Here is what I think: given the miseries that have tormented every project he's tried (and usually failed) to get off the ground since completing Fear and Loathing in Las Vegas in 1998, it seems that Gilliam has become so frightful of bringing any movie to completion that he goes overboard trying to get as many ideas spit out as he possibly can - it was certainly the case with the flimsy The Brothers Grimm (still his worst movie), a project he self-evidently took just because he knew that he could get it financed, and his distaste for everything but the sets is plain in every shot. It strikes here, too, in a film that is powerfully overburdened with ideas, visions, and concepts, and rather than teasing any of them out, the director insists on them with great force and urgency that is rather more off-putting than entrancing; what should be light and delicate as an eggshell is instead just pushy, clamoring, and much too eager that we should be constantly amazed by Gilliam's wild-eyed visions and eccentric cinematography - you know, that rather wide angle, rather flat, but not exactly "fisheye" quirk that pops up in, at the least, Brazil, Twelve Monkeys and Fear and Loathing, but gets more of a workout here than in all of those films put together, and for much less obvious purpose. In effect, this is a movie designed and directed by the same Terry Gilliam who appeared as Prologue to the little-scene Tideland: a scary-as-hell madman who thunders out at the audience that "YOU SHALL FIND THIS CHARMING AND DELIGHTFUL!" with a dictatorial menace far, far removed from the intended mood of the piece.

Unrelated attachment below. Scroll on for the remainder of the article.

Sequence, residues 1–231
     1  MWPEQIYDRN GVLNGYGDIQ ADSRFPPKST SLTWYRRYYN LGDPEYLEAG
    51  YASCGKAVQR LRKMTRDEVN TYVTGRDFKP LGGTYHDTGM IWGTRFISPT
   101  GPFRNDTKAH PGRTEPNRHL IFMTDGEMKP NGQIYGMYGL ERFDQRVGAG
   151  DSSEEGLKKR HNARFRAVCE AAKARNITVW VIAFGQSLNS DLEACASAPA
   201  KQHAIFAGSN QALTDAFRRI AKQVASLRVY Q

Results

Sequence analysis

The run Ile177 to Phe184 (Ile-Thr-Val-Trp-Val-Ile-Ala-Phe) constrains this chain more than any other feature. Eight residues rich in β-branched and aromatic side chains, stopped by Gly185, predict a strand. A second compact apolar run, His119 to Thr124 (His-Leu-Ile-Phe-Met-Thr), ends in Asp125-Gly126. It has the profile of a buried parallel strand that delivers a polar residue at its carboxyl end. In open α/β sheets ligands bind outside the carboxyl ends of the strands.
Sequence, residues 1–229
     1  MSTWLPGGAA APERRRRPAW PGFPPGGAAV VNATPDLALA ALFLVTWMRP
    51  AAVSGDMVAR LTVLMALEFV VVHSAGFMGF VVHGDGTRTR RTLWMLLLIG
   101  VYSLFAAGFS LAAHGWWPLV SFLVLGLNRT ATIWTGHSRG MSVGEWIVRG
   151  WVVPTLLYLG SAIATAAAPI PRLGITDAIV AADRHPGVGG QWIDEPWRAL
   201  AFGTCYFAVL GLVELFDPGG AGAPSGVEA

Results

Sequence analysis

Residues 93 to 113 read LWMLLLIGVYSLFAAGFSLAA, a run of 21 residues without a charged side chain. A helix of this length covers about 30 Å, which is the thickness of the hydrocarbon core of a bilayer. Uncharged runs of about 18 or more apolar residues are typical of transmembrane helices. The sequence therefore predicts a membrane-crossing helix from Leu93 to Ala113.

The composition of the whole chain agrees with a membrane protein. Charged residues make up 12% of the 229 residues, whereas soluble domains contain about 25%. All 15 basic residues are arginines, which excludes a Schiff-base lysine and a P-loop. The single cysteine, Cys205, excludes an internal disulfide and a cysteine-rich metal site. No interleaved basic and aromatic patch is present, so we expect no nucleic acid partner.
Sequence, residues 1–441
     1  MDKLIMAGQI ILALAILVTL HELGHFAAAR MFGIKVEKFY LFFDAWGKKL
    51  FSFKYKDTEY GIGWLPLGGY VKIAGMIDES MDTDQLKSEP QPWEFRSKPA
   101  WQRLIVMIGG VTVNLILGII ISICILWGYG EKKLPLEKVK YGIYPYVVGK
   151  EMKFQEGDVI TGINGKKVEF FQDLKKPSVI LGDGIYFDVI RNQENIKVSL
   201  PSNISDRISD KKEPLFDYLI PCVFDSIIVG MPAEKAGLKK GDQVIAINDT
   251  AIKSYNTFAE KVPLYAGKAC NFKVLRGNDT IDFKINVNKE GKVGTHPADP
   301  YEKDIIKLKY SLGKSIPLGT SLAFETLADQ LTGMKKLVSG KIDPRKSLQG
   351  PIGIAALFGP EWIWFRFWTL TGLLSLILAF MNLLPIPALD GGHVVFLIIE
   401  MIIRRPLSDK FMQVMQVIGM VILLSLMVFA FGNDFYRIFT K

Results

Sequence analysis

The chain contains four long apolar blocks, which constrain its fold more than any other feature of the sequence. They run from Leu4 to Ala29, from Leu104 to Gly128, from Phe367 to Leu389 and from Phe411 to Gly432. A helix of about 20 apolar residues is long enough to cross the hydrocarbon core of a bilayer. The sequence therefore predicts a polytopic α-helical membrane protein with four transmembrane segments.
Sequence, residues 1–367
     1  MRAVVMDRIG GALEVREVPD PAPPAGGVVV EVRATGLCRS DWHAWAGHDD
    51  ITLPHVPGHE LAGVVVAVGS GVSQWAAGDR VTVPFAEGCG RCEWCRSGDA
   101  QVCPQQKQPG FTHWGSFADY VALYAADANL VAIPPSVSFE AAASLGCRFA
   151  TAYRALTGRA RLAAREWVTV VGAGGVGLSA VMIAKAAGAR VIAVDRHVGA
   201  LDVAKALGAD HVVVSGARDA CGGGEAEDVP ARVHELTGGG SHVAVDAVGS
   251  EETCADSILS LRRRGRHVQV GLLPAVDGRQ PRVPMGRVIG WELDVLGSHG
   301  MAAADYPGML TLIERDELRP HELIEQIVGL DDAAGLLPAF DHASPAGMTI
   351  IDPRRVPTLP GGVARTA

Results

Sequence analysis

The plot is rather more bent than I care to grapple with in just a little synopsis, but in essence, Doctor Parnassus (Christopher Plummer) is hundreds if not thousands of years old, and has been touring the world with his Imaginarium, a trailer-mounted show in which he uses his mystic powers to give a person the ability to walk inside their dearest fantasies. Along the way, he's formed a sort of antagonistic friendship with the Devil (Tom Waits), constantly making ill-advised bets, the latest of which involves the soul of Parnassus's dear daughter Valentina (Lily Cole), just a few days shy of her 16th birthday and thus the moment when she is to be turned over to Old Scratch. The only way out is for Parnassus to save more souls than the Devil can corrupt, but people being such unmitigated assholes, he's not having much success.